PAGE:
All proposals must show the project’s value and benefit to the U.S. community. Examples of benefit include, but are not limited to, open-access observing time on the facility, access to data products and software, and cooperation and sharing of technology with other projects.

Strong project management will be emphasized in proposal evaluation, particularly for more costly or complex programs. Applicants are strongly encouraged to account for all foreseeable costs in the project budget, including adequate plans for risk mitigation, the cost needed for budget management and project control, and any plans for budget contingency.

All proposers to MSIP will be required to suggest which of the four categories is most appropriate for their projects. There will be no segregation of projects via waveband.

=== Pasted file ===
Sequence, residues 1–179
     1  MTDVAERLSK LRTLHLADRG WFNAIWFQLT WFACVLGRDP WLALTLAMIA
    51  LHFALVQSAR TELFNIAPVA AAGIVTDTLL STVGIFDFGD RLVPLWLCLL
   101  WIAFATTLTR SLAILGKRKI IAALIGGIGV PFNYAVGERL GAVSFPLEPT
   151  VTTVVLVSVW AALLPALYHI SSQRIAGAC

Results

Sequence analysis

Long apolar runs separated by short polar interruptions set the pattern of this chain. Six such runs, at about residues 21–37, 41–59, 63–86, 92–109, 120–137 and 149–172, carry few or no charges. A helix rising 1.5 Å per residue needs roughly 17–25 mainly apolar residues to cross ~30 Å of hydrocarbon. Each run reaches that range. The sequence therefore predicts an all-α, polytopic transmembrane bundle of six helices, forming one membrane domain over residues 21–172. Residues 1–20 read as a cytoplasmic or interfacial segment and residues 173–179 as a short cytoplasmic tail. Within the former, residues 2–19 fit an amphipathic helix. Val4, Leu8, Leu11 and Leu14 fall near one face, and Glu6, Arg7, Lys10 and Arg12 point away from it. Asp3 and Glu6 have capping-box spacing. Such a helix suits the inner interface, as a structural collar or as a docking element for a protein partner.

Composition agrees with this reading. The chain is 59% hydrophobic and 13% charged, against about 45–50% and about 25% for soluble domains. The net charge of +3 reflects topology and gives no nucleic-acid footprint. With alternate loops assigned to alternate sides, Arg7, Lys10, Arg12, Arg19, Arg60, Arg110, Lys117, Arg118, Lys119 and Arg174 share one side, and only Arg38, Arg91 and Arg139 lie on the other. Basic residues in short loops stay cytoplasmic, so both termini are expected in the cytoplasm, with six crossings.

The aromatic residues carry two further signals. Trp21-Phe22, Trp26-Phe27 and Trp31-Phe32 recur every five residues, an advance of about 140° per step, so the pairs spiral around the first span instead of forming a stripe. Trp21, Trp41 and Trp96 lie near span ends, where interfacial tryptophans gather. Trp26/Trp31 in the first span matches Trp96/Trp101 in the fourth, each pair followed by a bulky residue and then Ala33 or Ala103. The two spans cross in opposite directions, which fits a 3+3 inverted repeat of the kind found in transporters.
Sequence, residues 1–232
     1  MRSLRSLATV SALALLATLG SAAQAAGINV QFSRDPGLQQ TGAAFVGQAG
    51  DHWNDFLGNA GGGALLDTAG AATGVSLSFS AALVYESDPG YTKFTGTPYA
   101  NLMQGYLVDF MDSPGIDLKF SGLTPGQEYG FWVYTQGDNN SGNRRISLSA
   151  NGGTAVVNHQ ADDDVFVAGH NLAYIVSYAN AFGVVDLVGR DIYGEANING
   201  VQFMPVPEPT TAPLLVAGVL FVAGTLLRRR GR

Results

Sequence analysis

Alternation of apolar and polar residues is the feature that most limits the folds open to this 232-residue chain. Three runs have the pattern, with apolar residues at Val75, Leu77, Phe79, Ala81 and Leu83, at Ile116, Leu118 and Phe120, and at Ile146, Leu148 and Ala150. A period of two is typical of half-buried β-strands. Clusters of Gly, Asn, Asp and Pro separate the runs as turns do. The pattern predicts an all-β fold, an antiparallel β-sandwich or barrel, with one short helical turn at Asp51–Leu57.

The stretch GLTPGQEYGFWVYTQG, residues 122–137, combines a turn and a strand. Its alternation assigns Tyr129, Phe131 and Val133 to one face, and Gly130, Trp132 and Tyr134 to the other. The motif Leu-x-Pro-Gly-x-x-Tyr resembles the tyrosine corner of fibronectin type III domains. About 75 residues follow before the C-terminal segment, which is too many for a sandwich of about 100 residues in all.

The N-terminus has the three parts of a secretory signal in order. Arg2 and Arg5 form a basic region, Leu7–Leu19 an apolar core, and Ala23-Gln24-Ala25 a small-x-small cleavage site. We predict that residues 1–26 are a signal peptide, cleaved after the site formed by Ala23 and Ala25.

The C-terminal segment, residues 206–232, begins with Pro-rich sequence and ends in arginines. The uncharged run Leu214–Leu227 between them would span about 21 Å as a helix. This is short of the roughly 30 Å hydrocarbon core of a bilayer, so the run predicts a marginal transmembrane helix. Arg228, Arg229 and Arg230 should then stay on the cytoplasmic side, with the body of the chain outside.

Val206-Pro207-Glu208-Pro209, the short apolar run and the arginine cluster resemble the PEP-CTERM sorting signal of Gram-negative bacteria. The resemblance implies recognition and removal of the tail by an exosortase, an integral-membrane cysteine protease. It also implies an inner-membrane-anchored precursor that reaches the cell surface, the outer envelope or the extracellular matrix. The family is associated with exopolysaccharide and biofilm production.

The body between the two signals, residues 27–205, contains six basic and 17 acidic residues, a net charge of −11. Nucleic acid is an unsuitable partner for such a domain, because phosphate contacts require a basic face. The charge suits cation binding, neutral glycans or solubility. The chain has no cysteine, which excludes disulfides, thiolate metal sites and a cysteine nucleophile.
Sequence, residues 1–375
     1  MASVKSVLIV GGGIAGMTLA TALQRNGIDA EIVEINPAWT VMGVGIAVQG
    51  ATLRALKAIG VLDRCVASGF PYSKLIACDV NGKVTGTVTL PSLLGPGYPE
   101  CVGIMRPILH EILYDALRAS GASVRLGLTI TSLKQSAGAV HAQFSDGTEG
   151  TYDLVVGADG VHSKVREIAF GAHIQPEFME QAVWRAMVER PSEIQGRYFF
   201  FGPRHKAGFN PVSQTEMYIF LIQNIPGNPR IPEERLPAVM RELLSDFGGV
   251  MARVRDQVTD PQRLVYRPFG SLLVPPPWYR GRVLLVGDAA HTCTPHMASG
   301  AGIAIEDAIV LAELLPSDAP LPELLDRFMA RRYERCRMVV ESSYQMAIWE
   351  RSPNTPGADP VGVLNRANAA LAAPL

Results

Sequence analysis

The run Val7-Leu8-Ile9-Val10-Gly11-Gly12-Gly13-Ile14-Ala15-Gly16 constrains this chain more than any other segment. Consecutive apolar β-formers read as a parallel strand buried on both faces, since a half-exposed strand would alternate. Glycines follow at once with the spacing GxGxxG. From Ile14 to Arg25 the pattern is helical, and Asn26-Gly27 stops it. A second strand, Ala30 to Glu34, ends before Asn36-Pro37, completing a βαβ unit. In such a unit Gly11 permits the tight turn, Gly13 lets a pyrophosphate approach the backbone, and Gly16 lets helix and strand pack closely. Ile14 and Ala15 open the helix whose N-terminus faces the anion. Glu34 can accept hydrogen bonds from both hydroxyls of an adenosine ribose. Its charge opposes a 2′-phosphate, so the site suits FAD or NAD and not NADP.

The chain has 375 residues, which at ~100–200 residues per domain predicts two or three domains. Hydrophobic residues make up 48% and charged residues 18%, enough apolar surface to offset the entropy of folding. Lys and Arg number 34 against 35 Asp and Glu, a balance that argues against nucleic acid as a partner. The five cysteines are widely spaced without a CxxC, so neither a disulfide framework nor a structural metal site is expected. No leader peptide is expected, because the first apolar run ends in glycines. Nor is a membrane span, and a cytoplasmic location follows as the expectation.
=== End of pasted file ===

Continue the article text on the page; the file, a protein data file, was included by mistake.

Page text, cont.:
Prior to final award of full proposals, some projects may be evaluated via a Cost, Schedule, and Management Review, generally involving a reverse site visit with specialist reviewers, as a prerequisite to the awarding of funds.

In the Facilities, Equipment and Other Resources section of the proposal, proposers should include an aggregated description of the internal and external resources that the organization and its collaborators will provide to the project, should it be funded. The description should be narrative in nature and must not include any quantifiable financial information. Supporting materials, such as environmental impact studies and decommissioning plans, should be included as supplementary documents. See Section V.A for additional information.

Proposals will be funded for no more than five years, and renewal proposals for existing projects must recompete within the MSIP against all other submitted proposals, with no competitive advantage.

Important elements of the program include standard merit review with special attention to scientific merit, student training, relevance to community-established strategic goals and roadmaps, project management, and planning for both operations and data archive funding.

Visit our Institutionally Limited Submission webpage for updates and other announcements.